Residential design affecting dimensions of equity
Paper i proceeding, 2016
ABSTRACT: In Sweden social sustainability perspectives on housing design are rare, this strikes the group of weaker households. Due to the present housing shortage a dwelling providing a qualitative space for every-day life is not a realistic alternative for many households. The groups of households that not have the economical strength to involve in the housing market have little power to change their residential situation. The housing market focus on the limited group of buyers and the alternative, the rental apartment, implies years of abeyance in a que-system to get hold of an apartment. Meanwhile the on going demographic transformation challenges existing residential design and the design practice in turn tends to employ a narrow perspective on household constructions and residential use.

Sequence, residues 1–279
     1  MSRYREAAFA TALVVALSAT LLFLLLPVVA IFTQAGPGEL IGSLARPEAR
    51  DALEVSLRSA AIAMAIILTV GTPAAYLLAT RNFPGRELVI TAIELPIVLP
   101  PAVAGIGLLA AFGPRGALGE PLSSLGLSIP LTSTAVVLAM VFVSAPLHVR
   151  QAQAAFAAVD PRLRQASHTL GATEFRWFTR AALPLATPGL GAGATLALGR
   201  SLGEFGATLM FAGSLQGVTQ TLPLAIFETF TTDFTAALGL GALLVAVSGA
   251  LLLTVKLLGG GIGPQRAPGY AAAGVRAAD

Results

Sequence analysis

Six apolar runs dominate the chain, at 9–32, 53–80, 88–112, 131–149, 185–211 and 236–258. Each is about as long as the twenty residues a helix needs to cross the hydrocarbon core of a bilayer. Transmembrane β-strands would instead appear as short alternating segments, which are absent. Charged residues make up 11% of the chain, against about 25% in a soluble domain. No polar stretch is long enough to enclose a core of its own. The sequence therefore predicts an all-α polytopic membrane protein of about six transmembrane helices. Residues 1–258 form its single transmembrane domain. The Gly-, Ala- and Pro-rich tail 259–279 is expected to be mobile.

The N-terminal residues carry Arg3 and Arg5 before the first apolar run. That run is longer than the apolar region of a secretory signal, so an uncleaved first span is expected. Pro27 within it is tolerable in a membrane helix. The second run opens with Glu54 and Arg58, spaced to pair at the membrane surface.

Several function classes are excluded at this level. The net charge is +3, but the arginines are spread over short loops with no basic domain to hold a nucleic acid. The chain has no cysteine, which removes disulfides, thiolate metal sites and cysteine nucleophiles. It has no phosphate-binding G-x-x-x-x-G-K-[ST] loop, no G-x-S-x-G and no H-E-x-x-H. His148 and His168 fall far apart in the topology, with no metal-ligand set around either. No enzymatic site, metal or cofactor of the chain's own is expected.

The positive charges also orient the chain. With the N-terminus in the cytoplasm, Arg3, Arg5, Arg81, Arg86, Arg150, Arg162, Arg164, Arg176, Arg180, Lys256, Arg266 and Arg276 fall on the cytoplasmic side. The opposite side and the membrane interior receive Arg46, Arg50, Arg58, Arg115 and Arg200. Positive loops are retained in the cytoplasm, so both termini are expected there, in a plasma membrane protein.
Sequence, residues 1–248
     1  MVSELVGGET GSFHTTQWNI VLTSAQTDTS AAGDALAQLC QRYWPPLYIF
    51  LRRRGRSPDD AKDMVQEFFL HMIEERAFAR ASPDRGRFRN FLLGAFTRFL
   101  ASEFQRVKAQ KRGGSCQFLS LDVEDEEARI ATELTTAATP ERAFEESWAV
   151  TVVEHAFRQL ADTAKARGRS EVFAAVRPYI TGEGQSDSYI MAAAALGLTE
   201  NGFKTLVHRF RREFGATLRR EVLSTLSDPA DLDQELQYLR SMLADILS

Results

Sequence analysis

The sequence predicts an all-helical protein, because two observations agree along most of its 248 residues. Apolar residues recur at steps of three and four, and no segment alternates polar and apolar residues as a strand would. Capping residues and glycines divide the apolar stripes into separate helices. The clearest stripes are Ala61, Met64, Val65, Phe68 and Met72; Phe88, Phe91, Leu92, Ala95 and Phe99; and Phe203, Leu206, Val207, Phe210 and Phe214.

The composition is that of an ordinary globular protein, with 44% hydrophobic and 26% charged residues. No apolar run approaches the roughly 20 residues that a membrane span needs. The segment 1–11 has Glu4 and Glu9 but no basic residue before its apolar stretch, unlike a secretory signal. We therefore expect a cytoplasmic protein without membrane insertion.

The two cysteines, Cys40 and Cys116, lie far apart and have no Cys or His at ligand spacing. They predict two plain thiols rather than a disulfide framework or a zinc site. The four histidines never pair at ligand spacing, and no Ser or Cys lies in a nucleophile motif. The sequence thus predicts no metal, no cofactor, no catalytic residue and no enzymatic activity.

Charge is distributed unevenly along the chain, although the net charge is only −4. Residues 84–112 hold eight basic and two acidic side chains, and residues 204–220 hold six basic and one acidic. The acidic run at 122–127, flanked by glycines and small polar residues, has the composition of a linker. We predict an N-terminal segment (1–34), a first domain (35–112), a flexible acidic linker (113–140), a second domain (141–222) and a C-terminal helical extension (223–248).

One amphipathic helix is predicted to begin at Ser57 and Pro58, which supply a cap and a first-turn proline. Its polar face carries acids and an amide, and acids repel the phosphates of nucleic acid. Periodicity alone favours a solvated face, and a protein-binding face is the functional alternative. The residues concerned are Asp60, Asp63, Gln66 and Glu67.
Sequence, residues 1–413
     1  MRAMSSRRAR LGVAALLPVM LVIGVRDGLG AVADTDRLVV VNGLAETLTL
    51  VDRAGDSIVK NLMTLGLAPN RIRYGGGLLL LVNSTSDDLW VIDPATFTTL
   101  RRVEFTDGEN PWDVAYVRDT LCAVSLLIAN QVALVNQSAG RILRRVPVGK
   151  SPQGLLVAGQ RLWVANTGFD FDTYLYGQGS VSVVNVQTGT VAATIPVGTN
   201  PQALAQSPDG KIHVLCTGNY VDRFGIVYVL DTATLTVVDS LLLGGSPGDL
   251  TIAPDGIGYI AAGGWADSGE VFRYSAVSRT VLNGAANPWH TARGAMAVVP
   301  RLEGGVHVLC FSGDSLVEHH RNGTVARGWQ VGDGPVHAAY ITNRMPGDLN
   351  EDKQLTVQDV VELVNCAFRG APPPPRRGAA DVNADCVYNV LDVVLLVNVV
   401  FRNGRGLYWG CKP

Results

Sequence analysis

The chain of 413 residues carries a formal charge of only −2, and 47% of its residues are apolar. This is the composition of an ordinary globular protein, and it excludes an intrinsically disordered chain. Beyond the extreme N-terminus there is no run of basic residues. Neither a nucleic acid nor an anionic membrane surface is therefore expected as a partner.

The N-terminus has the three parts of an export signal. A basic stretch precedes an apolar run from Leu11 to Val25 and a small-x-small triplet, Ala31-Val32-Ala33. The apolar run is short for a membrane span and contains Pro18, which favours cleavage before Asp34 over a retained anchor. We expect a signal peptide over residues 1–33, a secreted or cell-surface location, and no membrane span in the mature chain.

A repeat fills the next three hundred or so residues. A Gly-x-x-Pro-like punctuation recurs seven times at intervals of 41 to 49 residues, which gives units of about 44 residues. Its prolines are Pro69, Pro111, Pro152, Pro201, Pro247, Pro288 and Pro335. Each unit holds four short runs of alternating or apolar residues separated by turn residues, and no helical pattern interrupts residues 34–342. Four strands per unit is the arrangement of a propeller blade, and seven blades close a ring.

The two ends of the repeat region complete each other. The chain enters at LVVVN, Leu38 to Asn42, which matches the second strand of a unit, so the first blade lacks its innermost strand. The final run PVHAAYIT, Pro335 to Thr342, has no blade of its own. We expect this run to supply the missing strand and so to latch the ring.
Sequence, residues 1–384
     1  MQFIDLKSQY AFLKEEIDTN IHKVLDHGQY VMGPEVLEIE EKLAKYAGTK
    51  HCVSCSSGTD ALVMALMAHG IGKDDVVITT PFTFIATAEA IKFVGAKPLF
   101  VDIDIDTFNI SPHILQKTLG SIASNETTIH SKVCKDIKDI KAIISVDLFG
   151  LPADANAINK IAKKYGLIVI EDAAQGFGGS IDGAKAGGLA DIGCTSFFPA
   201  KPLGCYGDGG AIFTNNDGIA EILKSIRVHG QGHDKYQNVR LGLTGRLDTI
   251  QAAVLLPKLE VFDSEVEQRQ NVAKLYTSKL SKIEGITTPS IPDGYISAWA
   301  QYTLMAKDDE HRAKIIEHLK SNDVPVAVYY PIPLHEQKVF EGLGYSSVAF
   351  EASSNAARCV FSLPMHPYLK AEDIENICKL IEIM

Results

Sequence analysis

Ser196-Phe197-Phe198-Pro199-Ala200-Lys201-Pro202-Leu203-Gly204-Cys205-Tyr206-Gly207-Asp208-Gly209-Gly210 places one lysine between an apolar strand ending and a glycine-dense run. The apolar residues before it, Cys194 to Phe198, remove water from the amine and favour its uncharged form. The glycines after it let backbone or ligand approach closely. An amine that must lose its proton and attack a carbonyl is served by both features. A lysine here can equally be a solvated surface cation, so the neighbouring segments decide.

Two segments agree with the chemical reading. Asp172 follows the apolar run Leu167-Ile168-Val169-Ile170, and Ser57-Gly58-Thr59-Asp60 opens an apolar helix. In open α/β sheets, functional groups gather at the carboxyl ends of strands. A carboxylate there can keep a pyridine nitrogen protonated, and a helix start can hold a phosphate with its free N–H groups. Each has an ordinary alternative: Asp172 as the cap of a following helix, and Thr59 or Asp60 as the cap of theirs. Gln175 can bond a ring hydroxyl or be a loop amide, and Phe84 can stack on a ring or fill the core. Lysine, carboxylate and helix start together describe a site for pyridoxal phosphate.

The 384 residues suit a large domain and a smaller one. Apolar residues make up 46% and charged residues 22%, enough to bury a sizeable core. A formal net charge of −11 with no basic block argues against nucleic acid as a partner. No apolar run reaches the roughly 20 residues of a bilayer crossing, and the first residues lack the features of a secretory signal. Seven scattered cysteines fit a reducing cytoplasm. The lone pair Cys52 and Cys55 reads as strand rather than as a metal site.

The research work is focused on residential usability (flexibility) and how this can affect social sustainability dimensions in a residential situation. It also focuses on how social sustainability issues can be activated into the practice of residential floor plan design. The methodological approach is based on a mixed method research where qualitative, empirical studies and research by design are employed. The work embrace a theoretical perspective based on assumptions from Schneider and Till. Findings from the research show that flexibility in residential design represents an important factor in the realisation of a sustainable society. A salient finding is that flexible space can provide more equitable residential solutions as the extended spatial capacity can provide qualitative residential situations for diverse households during a residential process. This paper concentrates on the magnitude of flexible space as an agent for the dimension of equity, presenting parts of the work with empirical studies.
The continuing research intends to delve deeper into the question of residential usability and social sustainability from the perspective of time and the residential process.